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The equivalence between exponential form of Fourier series and trigonometric form of fourier series. I do not know How they are equivalent, could anyone explain this for me please?

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    $\begingroup$ How much do you know about $L^2[0,2\pi]$? $\endgroup$ – user228113 May 19 '17 at 10:04
  • $\begingroup$ I know to the extent that the partial sum of Fourier series is convergent in L^2. $\endgroup$ – Emptymind May 19 '17 at 10:24
  • $\begingroup$ I'm not sure I understand. The relation $e^{in \theta} = \cos( n \theta) + i sin(n \theta)$ allows us to convert a exponential Fourier serie into a trigonometric serie and vice-versa. Was that your question ? $\endgroup$ – user171326 May 19 '17 at 10:43
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My attempt to answer your question

Given that $\sqrt{-1} = j$, the exponential fourier series can describe periodic functions, with period $T_c$, that take on complex values. It can be denoted as follows

$$ f(t) = \sum_{n = - \infty}^{\infty}X_ne^{jn\omega_c t} $$

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$$ Xn = \frac{\left< f(t), e^{jn\omega_c t} \right>_{PP}}{{\| e^{jn\omega_c t} \|}^2} = \frac{1}{T}\int_{a -T/2}^{a + T/2} f(t)e^{-jn\omega_c t}dt $$

$$ X_n = |X_n|\angle \theta_n $$

Here, $f(t)$ can take on complex values because both $X_n$ and $e^{jn\omega_c t}$ take on complex values. If you want to describe a complex function with other functions, those other functions have to be complex too. (Notice how the inner product takes the complex conjugate of the second function in $X_n$)

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The trigonometric fourier series can only describe periodic functions, with period $T_c$, that take on real values (The major difference). It can be denoted as follows

$$ f(t) = a_0 + \sum_{n = 1}^{\infty}a_n cos(n\omega_c t) + \sum_{n = 1}^{\infty}b_n cos(n\omega_c t)$$

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$$ a_v = \frac{a_0}{2} = \frac{\left< f(t), 1 \right>_{PP}}{{\| 1 \|}^2} = \frac{1}{T}\int_{a-T/2}^{a+T/2} f(t)dt $$

$$ a_n = \frac{\left< f(t), cos( n\omega_c t) \right>_{PP}}{{\| cos( n\omega_c t) \|}^2} = \frac{2}{T}\int_{a-T/2}^{a+T/2} f(t)cos( n\omega_c t)dt $$

$$ b_n = \frac{\left< f(t), sin( n\omega_c t) \right>_{PP}}{{\| sin( n\omega_c t) \|}^2} = \frac{2}{T}\int_{a-T/2}^{a+T/2} f(t)sin( n\omega_c t)dt $$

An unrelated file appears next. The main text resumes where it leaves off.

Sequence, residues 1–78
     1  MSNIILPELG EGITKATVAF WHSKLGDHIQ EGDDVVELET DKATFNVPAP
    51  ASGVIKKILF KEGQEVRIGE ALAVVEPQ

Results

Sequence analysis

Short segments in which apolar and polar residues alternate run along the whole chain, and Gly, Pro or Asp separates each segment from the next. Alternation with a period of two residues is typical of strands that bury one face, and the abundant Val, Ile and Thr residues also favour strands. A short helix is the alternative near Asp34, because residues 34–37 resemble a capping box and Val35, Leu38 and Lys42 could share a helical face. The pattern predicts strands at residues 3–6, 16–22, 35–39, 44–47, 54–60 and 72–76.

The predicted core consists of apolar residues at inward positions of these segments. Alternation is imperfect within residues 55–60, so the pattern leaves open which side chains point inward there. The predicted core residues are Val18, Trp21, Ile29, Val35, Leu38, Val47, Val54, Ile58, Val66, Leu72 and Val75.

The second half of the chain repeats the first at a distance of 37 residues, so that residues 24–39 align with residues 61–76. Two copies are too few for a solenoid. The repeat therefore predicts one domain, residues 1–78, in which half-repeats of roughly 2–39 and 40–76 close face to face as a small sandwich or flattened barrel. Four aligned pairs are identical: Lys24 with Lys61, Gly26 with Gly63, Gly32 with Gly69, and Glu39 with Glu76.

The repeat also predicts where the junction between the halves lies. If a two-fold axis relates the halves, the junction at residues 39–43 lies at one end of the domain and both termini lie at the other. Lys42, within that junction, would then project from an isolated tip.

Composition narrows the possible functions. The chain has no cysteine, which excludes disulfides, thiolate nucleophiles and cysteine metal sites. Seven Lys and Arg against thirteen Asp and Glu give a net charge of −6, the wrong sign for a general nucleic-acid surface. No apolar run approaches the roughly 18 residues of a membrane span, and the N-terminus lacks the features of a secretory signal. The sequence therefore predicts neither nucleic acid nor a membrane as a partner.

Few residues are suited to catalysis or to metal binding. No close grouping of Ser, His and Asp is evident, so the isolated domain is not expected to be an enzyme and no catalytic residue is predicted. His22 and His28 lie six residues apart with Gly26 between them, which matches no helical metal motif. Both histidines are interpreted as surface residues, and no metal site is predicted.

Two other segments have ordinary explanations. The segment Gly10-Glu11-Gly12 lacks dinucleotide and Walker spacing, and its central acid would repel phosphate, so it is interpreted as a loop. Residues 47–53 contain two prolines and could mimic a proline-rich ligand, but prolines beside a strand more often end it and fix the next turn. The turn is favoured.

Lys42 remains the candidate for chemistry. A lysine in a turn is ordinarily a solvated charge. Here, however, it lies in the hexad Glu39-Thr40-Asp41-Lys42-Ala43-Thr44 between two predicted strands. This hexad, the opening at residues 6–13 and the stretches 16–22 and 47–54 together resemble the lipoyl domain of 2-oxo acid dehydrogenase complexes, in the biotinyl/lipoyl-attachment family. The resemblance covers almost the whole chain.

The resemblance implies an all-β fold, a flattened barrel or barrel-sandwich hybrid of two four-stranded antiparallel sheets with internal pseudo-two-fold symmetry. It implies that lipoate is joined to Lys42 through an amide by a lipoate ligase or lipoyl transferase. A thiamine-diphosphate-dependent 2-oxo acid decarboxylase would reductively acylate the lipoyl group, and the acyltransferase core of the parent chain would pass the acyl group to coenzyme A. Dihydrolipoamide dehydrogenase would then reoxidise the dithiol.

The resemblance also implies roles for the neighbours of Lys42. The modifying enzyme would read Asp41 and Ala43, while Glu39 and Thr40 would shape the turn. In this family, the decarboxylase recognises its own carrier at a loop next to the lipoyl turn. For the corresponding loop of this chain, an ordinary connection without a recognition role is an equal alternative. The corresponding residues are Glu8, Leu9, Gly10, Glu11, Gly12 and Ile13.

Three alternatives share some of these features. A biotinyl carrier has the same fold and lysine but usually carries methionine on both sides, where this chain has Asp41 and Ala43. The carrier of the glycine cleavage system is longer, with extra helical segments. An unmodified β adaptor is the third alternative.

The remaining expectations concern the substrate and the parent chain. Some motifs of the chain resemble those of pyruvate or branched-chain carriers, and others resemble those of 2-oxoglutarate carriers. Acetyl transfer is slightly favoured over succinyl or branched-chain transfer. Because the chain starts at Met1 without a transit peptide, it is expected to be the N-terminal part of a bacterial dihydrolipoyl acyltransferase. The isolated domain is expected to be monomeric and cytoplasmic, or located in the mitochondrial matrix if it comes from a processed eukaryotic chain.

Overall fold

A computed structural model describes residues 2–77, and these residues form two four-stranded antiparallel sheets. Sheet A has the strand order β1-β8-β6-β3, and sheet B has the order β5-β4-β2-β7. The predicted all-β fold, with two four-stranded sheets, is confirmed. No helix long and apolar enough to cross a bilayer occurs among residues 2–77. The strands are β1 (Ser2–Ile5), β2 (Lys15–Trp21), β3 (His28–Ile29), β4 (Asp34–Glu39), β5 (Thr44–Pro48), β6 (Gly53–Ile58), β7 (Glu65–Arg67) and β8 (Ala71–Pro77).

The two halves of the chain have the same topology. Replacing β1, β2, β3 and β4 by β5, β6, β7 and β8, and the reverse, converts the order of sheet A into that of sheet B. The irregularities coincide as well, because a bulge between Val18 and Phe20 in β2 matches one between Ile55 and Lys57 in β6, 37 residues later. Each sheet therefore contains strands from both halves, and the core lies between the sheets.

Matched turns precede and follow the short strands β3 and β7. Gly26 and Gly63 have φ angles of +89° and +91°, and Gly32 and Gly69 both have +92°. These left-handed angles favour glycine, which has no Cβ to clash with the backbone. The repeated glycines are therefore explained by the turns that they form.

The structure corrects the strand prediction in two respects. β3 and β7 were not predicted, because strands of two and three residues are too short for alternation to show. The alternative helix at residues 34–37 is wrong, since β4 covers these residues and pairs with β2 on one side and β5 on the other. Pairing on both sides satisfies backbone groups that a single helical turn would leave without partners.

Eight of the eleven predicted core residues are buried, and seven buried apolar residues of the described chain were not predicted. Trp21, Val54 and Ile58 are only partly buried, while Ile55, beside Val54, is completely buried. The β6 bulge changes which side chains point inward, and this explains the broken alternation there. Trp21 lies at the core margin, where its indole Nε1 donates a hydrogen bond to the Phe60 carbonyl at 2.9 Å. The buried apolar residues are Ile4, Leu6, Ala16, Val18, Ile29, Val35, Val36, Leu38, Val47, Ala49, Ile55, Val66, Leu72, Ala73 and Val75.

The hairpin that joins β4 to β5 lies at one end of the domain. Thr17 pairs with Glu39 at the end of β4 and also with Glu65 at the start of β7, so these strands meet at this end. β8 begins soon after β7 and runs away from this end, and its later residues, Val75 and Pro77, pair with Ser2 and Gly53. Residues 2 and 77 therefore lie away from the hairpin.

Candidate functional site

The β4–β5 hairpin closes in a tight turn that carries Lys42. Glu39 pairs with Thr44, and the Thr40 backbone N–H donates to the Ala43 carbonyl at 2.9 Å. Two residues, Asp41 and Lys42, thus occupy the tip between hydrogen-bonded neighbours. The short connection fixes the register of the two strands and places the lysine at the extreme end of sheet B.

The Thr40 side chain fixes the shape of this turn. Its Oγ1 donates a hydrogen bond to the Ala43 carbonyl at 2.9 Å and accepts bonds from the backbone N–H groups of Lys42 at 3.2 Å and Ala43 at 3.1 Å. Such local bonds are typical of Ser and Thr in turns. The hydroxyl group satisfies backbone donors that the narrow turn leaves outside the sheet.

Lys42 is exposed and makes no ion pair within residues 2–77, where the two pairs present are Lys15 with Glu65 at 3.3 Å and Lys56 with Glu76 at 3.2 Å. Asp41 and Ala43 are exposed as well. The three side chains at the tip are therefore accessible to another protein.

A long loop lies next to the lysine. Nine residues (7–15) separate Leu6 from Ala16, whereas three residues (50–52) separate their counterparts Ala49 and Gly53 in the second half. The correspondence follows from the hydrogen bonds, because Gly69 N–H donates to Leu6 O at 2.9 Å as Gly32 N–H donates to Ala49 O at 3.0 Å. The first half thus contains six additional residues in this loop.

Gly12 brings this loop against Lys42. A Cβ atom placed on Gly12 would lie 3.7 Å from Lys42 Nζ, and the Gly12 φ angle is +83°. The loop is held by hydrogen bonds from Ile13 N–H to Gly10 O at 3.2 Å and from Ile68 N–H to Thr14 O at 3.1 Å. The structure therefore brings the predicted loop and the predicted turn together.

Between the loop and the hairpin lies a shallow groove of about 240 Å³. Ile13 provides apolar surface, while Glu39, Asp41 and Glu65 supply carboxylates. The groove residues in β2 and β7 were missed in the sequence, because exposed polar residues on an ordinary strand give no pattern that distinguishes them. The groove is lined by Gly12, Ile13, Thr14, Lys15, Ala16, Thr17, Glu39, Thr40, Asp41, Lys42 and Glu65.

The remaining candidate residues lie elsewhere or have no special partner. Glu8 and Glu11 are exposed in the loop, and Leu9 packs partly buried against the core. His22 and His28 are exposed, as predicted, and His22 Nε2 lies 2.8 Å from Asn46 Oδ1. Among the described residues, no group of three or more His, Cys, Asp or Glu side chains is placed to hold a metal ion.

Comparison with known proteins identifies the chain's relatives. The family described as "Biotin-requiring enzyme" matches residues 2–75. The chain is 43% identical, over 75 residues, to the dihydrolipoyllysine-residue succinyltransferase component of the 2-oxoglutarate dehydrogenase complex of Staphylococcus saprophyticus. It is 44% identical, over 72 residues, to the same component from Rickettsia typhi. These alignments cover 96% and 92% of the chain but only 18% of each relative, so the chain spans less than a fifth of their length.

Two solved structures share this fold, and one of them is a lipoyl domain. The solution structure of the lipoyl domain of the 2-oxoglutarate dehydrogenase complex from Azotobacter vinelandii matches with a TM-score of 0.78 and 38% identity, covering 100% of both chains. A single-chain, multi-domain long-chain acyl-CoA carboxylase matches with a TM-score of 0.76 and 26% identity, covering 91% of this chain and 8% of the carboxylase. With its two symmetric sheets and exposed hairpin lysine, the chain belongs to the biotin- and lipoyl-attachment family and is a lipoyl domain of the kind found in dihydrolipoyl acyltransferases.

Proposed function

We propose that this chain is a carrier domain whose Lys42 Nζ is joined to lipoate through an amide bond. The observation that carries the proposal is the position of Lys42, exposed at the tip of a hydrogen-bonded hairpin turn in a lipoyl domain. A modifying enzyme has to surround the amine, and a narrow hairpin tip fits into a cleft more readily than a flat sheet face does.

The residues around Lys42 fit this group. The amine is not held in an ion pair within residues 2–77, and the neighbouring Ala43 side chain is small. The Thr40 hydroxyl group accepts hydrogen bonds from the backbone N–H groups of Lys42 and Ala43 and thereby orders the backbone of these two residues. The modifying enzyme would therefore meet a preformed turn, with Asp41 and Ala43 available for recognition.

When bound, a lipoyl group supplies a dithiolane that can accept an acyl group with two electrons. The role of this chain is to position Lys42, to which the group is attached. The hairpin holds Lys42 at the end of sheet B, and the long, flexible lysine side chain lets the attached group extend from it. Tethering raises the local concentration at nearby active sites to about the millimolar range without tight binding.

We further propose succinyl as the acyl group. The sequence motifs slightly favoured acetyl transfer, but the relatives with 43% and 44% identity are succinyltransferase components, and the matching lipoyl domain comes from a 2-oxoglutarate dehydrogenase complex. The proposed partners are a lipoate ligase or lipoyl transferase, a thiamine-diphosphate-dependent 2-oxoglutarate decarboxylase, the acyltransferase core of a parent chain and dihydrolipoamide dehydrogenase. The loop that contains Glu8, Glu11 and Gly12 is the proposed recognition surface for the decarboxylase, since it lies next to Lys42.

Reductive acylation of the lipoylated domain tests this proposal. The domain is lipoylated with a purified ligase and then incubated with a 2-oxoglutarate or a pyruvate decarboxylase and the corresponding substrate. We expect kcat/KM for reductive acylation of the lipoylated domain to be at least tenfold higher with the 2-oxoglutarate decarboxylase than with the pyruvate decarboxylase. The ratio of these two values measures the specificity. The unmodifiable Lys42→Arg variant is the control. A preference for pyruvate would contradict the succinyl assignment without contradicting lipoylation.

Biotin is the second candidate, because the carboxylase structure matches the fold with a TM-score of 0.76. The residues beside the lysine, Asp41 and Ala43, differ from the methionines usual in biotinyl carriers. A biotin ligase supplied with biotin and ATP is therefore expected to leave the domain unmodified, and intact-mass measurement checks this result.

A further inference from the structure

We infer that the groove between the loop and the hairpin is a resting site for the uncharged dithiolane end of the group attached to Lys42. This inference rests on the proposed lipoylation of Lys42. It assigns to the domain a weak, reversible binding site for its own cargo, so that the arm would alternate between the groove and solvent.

Here the trigonometric functions, and the constant $1$, are restricted to take on only real values, and thus $f(t)$ can only take on real values.

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My attempt to show the connection between the two fourier series

For real values of $f(t)$ the exponential fourier series can be simplified to

$$ f(t) = X_0 + 2\sum_{n = 1}^{\infty}|X_n|cos(n\omega_c t + \theta_n) $$

This should remind you of the compact trigonometric fourier series which can be denoted as follows

$$ f(t) = \frac{C_0 cos(\theta_0)}{2} + \sum_{n = 1}^{\infty}C_ncos(n\omega_c t + \theta_n) $$

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$$ C_n = \sqrt{(a_n)^2 + (b_n)^2} $$

$$ \theta_n = \begin{cases} -arctan(\frac{b_n}{a_n}) &; \space a_n \geq 0 \\ \pi -arctan(\frac{b_n}{a_n}) &; \space a_n \lt 0 \end{cases} $$

We can confirm the first term, knowing $b_0 = 0$, by looking at the following evaluation

$$ \theta_0 = \begin{cases} 0 &; \space a_n \geq 0 \\ \pi &; \space a_n \lt 0 \end{cases} $$

$$ \theta_0 = sign(a_n)$$

$$ C_0 = \sqrt{ (a_n)^2} = |a_n|$$

$$ C_0 cos(\theta_0) = |a_n| sign(a_0) = a_0 $$

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We can thus make the following observation regarding the different coefficients

$$ C_n = 2|X_n| \space , \space \space n \geq 0 $$

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Conclusion

From the above definitions, we can derive the following combining definition

$$ X_n = \frac{a_n - jb_n}{2} $$

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